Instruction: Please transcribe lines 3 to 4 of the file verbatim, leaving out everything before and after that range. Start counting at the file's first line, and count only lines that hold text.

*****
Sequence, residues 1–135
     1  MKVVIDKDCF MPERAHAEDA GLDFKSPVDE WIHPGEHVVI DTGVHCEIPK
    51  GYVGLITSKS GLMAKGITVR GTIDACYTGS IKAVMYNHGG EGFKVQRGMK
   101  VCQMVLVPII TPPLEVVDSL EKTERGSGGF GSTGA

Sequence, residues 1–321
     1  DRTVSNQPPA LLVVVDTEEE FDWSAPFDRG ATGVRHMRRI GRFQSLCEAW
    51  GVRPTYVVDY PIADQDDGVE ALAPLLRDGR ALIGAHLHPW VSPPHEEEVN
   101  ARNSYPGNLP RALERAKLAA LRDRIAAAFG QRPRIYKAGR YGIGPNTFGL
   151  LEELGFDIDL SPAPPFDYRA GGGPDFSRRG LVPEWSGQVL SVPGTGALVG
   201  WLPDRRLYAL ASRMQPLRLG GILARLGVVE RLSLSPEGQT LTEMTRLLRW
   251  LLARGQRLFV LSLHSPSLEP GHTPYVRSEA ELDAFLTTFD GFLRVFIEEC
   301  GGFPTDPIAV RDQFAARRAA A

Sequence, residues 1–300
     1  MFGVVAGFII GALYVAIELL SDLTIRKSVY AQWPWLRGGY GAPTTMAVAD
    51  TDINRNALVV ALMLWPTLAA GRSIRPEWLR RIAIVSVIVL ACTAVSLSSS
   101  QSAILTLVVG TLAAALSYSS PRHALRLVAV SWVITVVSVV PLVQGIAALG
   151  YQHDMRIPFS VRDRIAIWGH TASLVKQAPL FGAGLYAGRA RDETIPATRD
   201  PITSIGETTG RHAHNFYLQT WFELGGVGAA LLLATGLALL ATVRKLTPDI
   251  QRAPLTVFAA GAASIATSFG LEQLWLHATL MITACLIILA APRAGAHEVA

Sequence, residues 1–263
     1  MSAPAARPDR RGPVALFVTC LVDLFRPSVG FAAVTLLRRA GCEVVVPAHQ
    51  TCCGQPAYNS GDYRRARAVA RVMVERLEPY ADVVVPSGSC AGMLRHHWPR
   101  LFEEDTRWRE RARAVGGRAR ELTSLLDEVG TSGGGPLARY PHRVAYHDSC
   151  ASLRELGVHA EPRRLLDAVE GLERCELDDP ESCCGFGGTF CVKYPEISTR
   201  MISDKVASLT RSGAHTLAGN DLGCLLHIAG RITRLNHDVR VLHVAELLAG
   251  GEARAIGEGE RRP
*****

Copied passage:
    51  GYVGLITSKS GLMAKGITVR GTIDACYTGS IKAVMYNHGG EGFKVQRGMK
   101  VCQMVLVPII TPPLEVVDSL EKTERGSGGF GSTGA